Q: You are still in it! Are you surprise? You and Leah seemed to be a bit of a dark horse at the beginning of the season.

A: Am I surprised? Yes. We didn’t make it a secret that we thought we may be going home and didn’t expect to get all the way here. Leah has been working so hard. I have never seen anyone overcome the fear or anxiety the way she has when it comes to doing something she knew nothing about. Even when she has been injured she still performs. I am so impressed. As the weeks went on I could see winning within grasp and I said to her last week, ‘all of a sudden I have hope we are going to make the finals.’  

Q: Any tricks up your sleeve going forward and is this the year you take home the trophy again?

A: Choreography is critical. I have to push her. Unlike most of the rest of the professionals’ partners, she has no dance experience so I have to find things that look good on her and that she can learn quickly. I have to be clever when it comes to designing the dance and she has to believe in what she is doing.

Q: How did you begin dancing?

A: I started when I was 3 years old in Kosovo. My dad saw I could dance and had me start lessons. I still take lessons. Dance is something you never master.

Q: What don’t viewers see as far as the show?

A: The unbelievable hours of rehearsal that are put in each week. People don’t see where we start and where we end. Every week you start from zero. People watch the show and think ‘oh, now he or she is a dancer!’ But every week you are starting new with each dance.

Q: You mentioned Leah has no dance experience and it does seem rather unfair that some of the amateur dancers on the show really do have professional experience. Is it really a level playing field?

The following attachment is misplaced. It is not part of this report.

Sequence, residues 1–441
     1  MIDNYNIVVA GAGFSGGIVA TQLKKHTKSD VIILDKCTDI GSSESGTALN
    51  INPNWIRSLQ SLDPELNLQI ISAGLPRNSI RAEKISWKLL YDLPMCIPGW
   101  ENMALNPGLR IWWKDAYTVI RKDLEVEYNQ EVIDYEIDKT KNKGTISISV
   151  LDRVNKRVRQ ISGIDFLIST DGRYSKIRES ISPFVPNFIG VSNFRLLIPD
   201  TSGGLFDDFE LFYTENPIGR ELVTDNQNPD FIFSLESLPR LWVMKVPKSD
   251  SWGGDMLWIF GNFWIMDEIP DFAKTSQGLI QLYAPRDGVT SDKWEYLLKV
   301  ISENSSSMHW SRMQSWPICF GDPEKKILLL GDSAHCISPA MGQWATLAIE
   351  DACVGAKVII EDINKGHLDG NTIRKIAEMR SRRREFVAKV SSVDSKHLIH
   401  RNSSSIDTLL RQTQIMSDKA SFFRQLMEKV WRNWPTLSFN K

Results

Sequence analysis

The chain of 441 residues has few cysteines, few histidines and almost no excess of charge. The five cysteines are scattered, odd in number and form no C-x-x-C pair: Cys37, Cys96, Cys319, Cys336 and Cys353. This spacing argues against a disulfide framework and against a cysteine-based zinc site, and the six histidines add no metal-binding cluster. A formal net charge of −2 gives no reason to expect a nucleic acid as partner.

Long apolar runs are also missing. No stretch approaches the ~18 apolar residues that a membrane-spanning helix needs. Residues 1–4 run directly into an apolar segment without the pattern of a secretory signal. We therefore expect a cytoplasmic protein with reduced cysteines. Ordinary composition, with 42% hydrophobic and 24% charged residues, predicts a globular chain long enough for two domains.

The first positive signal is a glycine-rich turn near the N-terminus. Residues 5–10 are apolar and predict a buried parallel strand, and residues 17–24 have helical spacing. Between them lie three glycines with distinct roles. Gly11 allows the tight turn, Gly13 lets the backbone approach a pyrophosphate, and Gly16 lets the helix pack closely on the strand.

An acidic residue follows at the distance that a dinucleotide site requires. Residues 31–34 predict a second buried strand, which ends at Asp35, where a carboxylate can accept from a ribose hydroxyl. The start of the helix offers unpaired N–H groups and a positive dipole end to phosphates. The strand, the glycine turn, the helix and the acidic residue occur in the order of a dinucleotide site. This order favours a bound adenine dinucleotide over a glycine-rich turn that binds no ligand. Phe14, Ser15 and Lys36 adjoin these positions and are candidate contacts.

A: Our show is never based on fairness but our viewers want to see a little bit of everything. Some of our viewers want to see people who are immediately good dancers and others who want to see people like Leah, who is on a journey.

Q: Do you ever have any second thoughts about being on the show year after year?

A: I was actually approached when the show was first conceptualized but could not do season one because I was defending my world title in a competition. But then I joined the show and have never had any second thoughts about it. It is a piece of history. Cyd Charisse and Ginger Rogers and Fred Astaire and Gene Kelly, dancers who shared it with the world. I want a piece of that. And I love dancing and the fact that is has made a comeback. Dancing represents relationships, romance, a couple bring music to life. Music would not be music without dance. Dance brings the notes to life.

Q: How is life in Connecticut?

A: I love Connecticut. April 21, 1989 is the day I moved to Connecticut. I was 15 and my uncle lived in Stamford and so that is where my father brought all of us from Kosovo. The people are great. And I am still there. My wife and children love it. I love the four seasons. I love it so much that it is why I don’t move to California. When I get back to Connecticut from here, I am home.

Q: I assume your wife is a dancer?